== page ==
La Gloria a film by Mary Evangelista explores the aftermath of an attempted suicide by a young gay Latina (Gloria). And she how copes with lovesickness and sorrow with the help of her grandmother’s optimism and dream-channeling to achieve hope and peace. While the rest of her family glosses over her suicide attempt and go about their everyday lives. Gloria (Chris Gris) and her grandmother’s bond is authentic and compelling. It offers a sweet glimpse into relationships between younger and older generations. And we are here for it!

Film Independent’s 2020 Project Involve Showcase, a carefully curated program of short films spotlighting some of the program’s most exciting new filmmakers. Project Involve (PI for short) fosters the careers of talented filmmakers from communities traditionally underrepresented in the industry, and is celebrating 27 years of working toward a more inclusive entertainment landscape. The program serves as a valuable incubator for diverse talent and has cultivated the careers of more than 820 filmmakers. Notable alumni include Linda Yvette Chavez & Marvin Lemus (Gentefied); Jon M. Chu (Crazy Rich Asians); Jomo Fray (Selah and the Spades); LaToya Morgan (Into the Badlands); Justin Simien (Dear White People); Lulu Wang (The Farewell), Kim Yutani (Director of Programming, Sundance) and many more. To learn more about Film Independent and Project Involve, click here.

Review: ‘Ovid and the Art of Love’ – Resoundingly Mirrors Modern Times

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Corbin Bleu as Ovid, Photo: Brian Geldin PR

Esmé von Hoffman’s latest film to hit the streaming platforms, Ovid and the Art of Love, couldn’t have come at a better time amidst a global pandemic and the ensuing chaos the current administration is wittingly encouraging in our nation. Its social and political commentary will resonate with audiences. As millions of Americans affected with the repercussions of the novel coronavirus (over 76K+ deaths domestically, an unemployment surge of 14.7%, a statistic unseen since the Great Depression) continues to wreak havoc in our daily lives.

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John Savage as Augustus, Kimberly Cruchon Brooks as Livia, Photo: Brian Geldin PR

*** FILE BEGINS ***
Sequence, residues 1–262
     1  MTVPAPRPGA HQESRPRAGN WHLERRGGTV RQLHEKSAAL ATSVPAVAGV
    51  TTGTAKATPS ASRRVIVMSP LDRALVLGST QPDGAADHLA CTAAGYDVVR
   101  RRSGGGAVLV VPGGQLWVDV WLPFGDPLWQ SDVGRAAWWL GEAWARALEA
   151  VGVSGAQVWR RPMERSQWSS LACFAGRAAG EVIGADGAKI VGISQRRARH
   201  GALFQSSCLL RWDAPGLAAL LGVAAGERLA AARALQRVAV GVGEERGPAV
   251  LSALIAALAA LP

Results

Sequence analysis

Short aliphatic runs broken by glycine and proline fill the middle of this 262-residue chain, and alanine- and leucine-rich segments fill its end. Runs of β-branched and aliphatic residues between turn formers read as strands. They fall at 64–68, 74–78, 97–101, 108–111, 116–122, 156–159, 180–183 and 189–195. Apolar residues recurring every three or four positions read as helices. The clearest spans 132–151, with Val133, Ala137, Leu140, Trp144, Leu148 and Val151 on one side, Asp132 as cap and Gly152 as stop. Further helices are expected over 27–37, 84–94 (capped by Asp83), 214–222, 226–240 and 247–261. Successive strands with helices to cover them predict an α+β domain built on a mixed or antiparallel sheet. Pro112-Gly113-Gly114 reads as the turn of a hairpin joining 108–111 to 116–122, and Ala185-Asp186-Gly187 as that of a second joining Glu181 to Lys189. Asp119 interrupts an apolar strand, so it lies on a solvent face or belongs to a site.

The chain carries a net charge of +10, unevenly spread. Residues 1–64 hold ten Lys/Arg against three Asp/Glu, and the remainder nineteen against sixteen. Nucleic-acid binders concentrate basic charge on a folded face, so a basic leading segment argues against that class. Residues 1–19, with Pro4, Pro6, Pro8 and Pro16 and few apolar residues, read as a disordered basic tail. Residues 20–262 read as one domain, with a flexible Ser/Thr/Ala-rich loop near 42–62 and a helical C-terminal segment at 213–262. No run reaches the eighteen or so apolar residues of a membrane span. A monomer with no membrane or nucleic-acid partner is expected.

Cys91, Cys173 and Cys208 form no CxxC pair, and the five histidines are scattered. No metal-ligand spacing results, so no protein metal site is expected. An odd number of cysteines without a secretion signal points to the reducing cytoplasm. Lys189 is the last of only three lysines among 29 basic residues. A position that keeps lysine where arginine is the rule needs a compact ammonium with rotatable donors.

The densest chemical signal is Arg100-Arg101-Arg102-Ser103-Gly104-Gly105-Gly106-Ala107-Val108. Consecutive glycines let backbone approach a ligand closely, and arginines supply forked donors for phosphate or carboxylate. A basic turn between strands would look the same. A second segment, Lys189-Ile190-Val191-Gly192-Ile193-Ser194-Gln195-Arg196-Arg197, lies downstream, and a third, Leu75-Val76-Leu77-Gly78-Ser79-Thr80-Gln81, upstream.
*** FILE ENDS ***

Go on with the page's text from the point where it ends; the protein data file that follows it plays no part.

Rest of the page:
Parallels of our stark reality compounded by the film’s theme are spot on. Writer/Director Esmé von Hoffman’s version of the old tale of beloved poet, Ovid, otherwise known as Publius Ovidius Naso, who was exiled by Roman emperor, Augustus in 8 AD, “allegedly” because of his exotic and provocative books of poetry. Corbin Bleu (“High School Musical,” “Dancing with the Stars”) is charming as he breathes life into modern-day Ovid, and finds his purpose in the urban streets of Detroit. He’s summoned by Augustus, the inept and hypocritical emperor, played by the talented John Savage, (“Deer Hunter”) to pursue a career in law but his interests lie elsewhere: poetry. Determined to follow his passion, Ovid attempts to read his poems at open mic clubs, failing at first and ridiculed by patrons, later finds his rhythm in verse and love as he follows a woman he thought would fulfill his life. As Ovid’s poetry career and romantic conquests flourish, the citizens of Rome, A.K.A. Detroit, are in an upheaval; jobs are lacking, health insurance is scarce, and people are protesting inadequate leadership. Ring a bell? It’s 2020 on screen, minus the fancy togas, and elegant headpieces.

 

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Director Esmé von Hoffman, Photo: Brian Geldin PR

Ovid and The Art Love is a tale as old as humanity – depicting average citizens standing up to power with truths and freedom of expression to affect change and the dire consequences that result, in this case, Ovid, regarded as the canonical poet of Latin literature, is exiled and sent to Romania, but his beautiful poetry and popularity lives on. In 2017, Ovid’s birthplace of Sulmona formerly Sulmo in Italy, acquitted the poet of any wrongdoing, Florence followed suit.

Check out this wonderful adaptation of Ovid and the Art of Love by director, Esmé von Hoffman, when it’s released on May 19th by Level 33 Entertainment via major streaming and VOD platforms including Amazon, iTunes, Comcast, XFinity, Dish, Sling, Microsoft, Google Play, YouTube and many more.

 

 

Film Review: ‘The State of Texas Vs. Melissa’ – A Gripping Doc on the Judicial System’s Exploitation of the Marginalized in America

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Melissa Lucio, Photo: Courtesy of The 2050 Group